Daily Times (Primos, PA)

TWO PROMINENT HISTORIANS LOST

Earl Ibach and Dick Shaner have died

- By Ron Devlin rdevlin@readingeag­le.com @rondevlinr­e on Twitter

In spring 2007, George M. Meiser IX and Earl W. Ibach set out on an expedition to find the source of Tulpehocke­n Creek.

It was a demanding task for the pair of Berks County historians — Ibach was 84 years old at the time and, shall we say, Meiser was no youngster either.

Driven by an insatiable devotion to Berks County history, the pair persevered and traced the creek’s headwaters to a trickle coming from beneath a fallen tree in North Lebanon Township.

Meiser recorded the find in “The Passing Scene, Volume 15,” an omnibus photograph­ic history compiled with his wife, Gloria Jean Meiser.

Meiser recalled the daylong trek recently while reflecting on the life and work of Ibach, 98, who died Jan. 22 in Womelsdorf.

The loss was compounded by the passing of another dedicated local historian, Richard H. Shaner, 82, who died Jan. 10 in Kutztown.

“Almost all my history buddies are gone,” lamented Meiser, a past president of Berks History Center. “It’s unsettling to me.”

Charles J. Adams III, editor of “The Historical Review of Berks County,” said Ibach and Shaner left a lasting impact on local history.

“These two gentlemen were keepers of the historical flame,” he said. “A flame, somewhat akin to the Olympic flame, that has been carried through generation­s.”

Mr. Womelsdorf

Earl Ibach’s presence in the town of his birth was so pervasive he was accorded the unofficial title of “Mr. Womelsdorf” and was presented with a key to the borough.

“Tuffy” Ibach served in Gen. George S. Patton’s Third Army during World War II. While convalesci­ng in London, he met and married Dorothy L. Wallis. They celebrated their 75th wedding anniversar­y last July.

Passionate about local history, Ibach was the driving force behind the formation of the Tulpehocke­n Settlement Historical Society in 1970. He edited The Tulpehocke­n Tattler history newsletter for 23 years, and was named director emeritus in 2006.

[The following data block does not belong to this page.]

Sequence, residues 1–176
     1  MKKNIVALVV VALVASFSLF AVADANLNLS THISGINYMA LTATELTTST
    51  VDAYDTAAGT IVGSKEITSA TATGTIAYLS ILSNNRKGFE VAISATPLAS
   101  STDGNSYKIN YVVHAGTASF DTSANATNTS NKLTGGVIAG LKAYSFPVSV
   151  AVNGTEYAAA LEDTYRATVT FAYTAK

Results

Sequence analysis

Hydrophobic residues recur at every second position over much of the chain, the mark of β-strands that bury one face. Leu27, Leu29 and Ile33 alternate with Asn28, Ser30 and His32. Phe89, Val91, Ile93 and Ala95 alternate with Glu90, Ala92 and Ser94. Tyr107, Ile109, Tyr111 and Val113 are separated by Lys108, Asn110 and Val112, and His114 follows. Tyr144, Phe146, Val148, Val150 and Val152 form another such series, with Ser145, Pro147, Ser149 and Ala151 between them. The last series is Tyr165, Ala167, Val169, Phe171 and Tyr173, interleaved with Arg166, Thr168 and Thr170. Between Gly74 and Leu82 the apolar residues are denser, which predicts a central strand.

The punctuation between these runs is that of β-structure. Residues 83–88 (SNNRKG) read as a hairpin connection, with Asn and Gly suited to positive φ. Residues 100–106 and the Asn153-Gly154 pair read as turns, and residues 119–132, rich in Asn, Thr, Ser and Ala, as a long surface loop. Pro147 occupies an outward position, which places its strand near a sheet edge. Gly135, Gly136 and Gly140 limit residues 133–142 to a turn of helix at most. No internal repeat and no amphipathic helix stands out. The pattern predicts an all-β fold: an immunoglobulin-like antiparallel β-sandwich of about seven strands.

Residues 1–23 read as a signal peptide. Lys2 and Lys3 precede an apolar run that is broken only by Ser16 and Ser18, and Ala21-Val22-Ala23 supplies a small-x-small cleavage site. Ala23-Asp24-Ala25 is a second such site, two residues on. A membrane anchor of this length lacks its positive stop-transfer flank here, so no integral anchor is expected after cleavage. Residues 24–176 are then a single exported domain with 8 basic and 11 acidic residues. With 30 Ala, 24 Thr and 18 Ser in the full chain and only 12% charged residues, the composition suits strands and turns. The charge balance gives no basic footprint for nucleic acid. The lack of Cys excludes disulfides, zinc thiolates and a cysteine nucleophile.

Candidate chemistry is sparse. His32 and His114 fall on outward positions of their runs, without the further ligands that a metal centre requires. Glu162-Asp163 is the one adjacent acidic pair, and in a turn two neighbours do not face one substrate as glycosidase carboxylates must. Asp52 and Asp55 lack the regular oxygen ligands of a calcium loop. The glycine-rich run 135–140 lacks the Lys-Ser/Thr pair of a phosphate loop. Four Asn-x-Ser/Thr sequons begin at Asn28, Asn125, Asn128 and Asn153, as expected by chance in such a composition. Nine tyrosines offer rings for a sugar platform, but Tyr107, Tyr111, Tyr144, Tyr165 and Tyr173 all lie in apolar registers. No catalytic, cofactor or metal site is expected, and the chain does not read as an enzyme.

In 1976, Ibach published “Hub of the Tulpehocke­n,” a landmark 700-page history of a region whose name is drawn from the Lenape word for “land of turtles.”

He also wrote “Tulpehocke­n Cigarama,” a history of the region’s cigar industry.

Loretta Barnes, Ibach’s daughter, said his civic pride lay at the root of his interest in history.

“He would always say remember your roots,” said Barnes, a retired Lehigh County teacher.

Jay F. Miller, 91, a neighbor for 52 years, recalls sitting on Ibach’s patio and talking about the town’s history.

In a sympathy note, Miller wrote: “There will never be another person like Earl. There will never be another Mr. Womelsdorf.”

Lover of lore

Dick Shaner’s insight into Pennsylvan­ia Dutch culture is apparent in “Oley Valley Basketmake­r,” an article published in the Pennsylvan­ia Folklife magazine in 1964.

It profiles Freddy Bieber, 79, an itinerant basketmake­r in the Oley Valley.

He and his wife, Annie, spoke only Pennsylvan­ia Dutch and lived in an 18th Century fieldstone house with a spring in the cellar.

“Without electricit­y, automobile or automation, he works and takes pleasure in the same things our ancestors did 200 years ago,” Shaner wrote of Bieber, his great-uncle. “He is one of the few living basket craftsmen who works in the early American tradition.”